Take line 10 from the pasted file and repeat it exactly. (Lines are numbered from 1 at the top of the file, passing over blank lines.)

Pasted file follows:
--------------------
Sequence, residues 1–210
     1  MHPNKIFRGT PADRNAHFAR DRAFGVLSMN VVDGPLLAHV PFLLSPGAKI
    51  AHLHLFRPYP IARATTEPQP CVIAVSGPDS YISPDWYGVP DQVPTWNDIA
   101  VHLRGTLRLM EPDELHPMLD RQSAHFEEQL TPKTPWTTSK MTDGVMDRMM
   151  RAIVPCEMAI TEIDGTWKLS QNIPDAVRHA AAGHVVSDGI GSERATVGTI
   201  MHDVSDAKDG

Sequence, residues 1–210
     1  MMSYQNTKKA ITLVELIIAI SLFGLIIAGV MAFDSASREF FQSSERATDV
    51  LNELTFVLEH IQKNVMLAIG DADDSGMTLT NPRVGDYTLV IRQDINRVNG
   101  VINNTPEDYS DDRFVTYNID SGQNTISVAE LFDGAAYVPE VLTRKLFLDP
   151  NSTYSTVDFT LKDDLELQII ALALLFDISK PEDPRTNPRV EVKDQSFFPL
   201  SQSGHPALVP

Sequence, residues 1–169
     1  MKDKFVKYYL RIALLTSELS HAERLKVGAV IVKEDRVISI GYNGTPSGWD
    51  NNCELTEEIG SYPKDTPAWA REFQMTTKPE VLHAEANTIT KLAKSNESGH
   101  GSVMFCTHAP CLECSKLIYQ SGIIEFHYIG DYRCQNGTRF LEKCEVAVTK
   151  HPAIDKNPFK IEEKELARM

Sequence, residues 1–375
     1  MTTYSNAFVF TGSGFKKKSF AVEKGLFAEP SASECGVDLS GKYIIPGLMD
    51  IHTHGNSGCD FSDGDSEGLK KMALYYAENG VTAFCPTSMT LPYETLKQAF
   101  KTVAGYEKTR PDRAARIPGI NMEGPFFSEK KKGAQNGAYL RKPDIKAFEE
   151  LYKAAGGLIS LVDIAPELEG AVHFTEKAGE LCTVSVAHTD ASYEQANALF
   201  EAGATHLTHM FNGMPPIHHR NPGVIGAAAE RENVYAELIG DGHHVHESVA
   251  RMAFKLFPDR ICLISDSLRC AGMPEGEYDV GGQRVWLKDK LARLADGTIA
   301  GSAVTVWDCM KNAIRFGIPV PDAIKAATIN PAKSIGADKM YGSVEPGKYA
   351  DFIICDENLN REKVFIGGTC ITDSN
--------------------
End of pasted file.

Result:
   101  VINNTPEDYS DDRFVTYNID SGQNTISVAE LFDGAAYVPE VLTRKLFLDP